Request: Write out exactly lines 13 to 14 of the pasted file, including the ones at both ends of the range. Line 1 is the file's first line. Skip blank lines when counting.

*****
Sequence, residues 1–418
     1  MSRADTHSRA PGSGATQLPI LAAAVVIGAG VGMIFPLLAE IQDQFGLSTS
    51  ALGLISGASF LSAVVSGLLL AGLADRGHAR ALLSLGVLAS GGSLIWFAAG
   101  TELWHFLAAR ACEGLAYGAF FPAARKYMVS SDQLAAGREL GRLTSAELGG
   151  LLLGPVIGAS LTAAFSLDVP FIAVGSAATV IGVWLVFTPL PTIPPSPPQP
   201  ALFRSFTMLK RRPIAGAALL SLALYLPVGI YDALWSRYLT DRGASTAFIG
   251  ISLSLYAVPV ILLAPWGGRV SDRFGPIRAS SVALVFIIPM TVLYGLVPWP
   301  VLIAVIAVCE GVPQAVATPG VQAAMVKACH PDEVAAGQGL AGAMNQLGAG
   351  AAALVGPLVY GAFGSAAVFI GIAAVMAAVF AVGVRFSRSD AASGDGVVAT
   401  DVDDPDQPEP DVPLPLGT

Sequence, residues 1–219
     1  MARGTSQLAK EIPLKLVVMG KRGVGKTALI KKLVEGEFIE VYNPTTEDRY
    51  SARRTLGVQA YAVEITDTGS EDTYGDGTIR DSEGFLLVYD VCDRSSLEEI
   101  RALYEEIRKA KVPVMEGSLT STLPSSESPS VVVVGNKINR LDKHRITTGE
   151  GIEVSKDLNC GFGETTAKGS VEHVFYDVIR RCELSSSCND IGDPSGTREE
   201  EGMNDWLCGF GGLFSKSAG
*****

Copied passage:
    51  SARRTLGVQA YAVEITDTGS EDTYGDGTIR DSEGFLLVYD VCDRSSLEEI
   101  RALYEEIRKA KVPVMEGSLT STLPSSESPS VVVVGNKINR LDKHRITTGE